The Fear of Turning Corners

by Clara Wetzel

I was filming a short documentary in Gabon for UNDP, CAFI (Central African Forest Initiative). With borrowed boots, socks and pants - everything but the shirt I was wearing - and a 15 kg backpack full of camera gear, I entered the rainforest for the second time. I was there to capture beautiful images of it’s flora, fauna, water sources, the water, the village, the people and the park rangers. It was important to me to get these images because they would make the film a lot richer, but also, if I’m being honest with myself and with you, I really wanted to see and film gorillas. I wanted to find gorillas so badly. My long lens was fasted to my camera and the tripod on my shoulder, was ready to be set up at a moment’s notice.

Filming in the rainforest can be challenging for a multitude of reasons. One of which is that when you visualise your shot you have two options: you can either properly set it up using a tripod, properly expose, focus and shoot; or you handhold it - shoot, focus and expose on the go. The problem with the first option is that by the time you’re done setting up the shot, you have probably already missed your chance: the bird has flown away, the monkey has disappeared up a tree, the caterpillar has borrowed it self under the leaves. The problem with the latter is that you might ruin your shot by not focusing properly, messing up your exposure or maybe just have shaky shots because you’re sweating and because of the swarm of flies buzzing around you.

Gabon has an extraordinary geography: you will find Savannah and rainforest next to each other, so walking into the shade of thick canopy is an abrupt experience, you literally step into the forest and in that second everything changes: the light, the temperature, the sounds.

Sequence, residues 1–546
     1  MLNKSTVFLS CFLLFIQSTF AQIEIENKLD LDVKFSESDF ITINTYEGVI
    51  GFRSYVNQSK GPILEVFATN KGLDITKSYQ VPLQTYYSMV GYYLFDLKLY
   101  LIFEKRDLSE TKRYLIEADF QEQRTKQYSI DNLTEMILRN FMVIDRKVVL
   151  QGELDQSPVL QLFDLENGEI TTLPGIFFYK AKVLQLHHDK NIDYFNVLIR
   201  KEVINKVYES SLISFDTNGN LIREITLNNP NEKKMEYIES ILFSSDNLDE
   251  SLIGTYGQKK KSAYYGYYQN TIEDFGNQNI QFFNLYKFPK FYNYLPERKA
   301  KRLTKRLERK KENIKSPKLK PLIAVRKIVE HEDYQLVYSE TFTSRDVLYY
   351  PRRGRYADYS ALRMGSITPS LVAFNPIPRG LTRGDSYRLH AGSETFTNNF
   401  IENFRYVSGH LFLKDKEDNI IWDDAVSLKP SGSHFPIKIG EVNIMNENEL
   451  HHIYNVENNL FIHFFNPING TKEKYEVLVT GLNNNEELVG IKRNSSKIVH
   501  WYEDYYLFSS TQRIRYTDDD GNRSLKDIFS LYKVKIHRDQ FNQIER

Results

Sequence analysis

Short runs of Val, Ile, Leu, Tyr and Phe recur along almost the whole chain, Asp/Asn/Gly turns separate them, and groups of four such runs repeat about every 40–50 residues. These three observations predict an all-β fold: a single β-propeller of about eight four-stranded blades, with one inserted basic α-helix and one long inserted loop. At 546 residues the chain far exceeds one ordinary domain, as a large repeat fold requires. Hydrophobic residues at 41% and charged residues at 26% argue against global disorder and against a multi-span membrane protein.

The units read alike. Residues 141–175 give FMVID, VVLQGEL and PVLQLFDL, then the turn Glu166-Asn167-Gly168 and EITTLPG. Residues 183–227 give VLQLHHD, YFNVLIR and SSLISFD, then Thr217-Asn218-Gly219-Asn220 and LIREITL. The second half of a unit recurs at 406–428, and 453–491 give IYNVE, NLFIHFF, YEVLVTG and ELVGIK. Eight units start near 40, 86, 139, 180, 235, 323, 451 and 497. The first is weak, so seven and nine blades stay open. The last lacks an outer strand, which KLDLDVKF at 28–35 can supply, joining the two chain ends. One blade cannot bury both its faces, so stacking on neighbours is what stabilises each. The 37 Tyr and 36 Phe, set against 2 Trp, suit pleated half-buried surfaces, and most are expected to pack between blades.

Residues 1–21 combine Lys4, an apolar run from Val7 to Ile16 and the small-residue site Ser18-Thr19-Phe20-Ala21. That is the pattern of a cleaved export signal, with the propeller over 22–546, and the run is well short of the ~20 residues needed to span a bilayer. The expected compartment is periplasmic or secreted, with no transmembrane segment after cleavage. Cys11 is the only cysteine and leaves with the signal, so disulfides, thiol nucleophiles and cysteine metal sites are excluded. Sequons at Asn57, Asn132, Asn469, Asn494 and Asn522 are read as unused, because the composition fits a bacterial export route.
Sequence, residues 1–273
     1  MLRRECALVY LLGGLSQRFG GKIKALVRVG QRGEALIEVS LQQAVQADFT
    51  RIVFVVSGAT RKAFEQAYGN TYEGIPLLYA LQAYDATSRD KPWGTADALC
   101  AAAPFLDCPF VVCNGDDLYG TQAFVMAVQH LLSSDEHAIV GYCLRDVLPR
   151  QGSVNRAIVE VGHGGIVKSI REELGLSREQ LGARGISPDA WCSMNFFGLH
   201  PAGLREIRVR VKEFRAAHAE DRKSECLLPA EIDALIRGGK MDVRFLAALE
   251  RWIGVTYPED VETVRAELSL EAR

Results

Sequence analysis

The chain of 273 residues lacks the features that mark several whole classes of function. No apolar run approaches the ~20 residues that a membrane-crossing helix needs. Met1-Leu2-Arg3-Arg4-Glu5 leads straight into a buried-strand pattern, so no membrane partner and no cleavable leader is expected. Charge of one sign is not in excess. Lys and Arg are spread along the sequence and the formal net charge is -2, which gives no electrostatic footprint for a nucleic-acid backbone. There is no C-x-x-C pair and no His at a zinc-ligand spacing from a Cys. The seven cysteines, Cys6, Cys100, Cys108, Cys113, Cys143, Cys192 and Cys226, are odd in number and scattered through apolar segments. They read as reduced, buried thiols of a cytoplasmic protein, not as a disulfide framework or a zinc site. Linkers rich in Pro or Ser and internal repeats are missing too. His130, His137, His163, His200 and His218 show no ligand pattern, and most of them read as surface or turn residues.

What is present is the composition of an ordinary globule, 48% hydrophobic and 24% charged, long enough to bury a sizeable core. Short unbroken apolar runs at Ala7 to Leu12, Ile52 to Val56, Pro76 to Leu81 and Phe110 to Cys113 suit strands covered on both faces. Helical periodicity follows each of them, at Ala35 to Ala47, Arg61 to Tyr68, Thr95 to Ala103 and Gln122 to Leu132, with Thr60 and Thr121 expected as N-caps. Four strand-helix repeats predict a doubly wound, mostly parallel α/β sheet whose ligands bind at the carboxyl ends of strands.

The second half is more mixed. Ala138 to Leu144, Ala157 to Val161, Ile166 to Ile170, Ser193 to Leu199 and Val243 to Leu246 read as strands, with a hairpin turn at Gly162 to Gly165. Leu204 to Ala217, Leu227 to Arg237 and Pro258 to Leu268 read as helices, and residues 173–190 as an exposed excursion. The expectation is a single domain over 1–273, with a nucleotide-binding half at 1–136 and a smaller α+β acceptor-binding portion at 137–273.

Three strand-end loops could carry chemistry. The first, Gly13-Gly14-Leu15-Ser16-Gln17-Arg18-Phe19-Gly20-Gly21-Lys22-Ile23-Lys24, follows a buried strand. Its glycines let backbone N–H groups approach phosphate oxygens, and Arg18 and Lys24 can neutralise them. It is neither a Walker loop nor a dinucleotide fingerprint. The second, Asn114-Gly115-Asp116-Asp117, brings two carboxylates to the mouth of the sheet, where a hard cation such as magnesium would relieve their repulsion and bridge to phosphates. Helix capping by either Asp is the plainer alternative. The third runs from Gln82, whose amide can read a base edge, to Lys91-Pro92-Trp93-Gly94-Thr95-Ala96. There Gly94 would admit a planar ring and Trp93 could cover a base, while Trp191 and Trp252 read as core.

My guide and I communicated via some kind of improvised sign language not only to keep the silence and awareness, but also because I do not speak any French. From his signing, I understand that the strategy was for him to walk a few meters in front of me and would whistle when I was to follow. A few whistles and pauses later, I realised that this specifically happened every time we turned a corner.

Gorillas can watch you without you knowing; up in the trees or walking parallel to you, in silence, hidden from view by dense vegetation. What I was told was that they follow you for some time, walking beside you, until they find a place in the narrow path that you’re walking on, and wait for you. This is the scary part. They wait for you, so right as you make a turn there could be a gorilla waiting for you. And if you do make a turn and happen to find a gorilla waiting for you, you would be within 3 meters from them - you are in their space, and they’re not cool with that. They will provoke you, using their arms and hands to gently push you, the advice from the guide is that if that happens you should not move at all. Even if you want to run, even if you want to get the flies off your face (because gorillas come with flies) do not move, wait until they are bored with you and leave, and then run away as fast as you can in the opposite direction. 

Realising that the following words might take some intensity away from the story, I will say: none of this happened to me, this is what I was warned about and this is what was in my head every turn I took. So for those 4 hours that I was in the rainforest searching for gorillas, every time I was about to turn a corner I would get this thrill, these mixed feelings inside me that wanted to film, run, not run, meet, not meet a gorilla.  

Sometimes I still get the feeling that if I turn the corner I’ll find a gorilla. And I want to. But not really. Maybe.

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Nessim Stevenson